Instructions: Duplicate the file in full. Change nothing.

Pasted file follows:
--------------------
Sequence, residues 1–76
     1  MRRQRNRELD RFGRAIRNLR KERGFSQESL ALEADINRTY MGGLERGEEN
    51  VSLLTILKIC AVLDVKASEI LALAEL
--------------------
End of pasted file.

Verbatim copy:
Sequence, residues 1–76
     1  MRRQRNRELD RFGRAIRNLR KERGFSQESL ALEADINRTY MGGLERGEEN
    51  VSLLTILKIC AVLDVKASEI LALAEL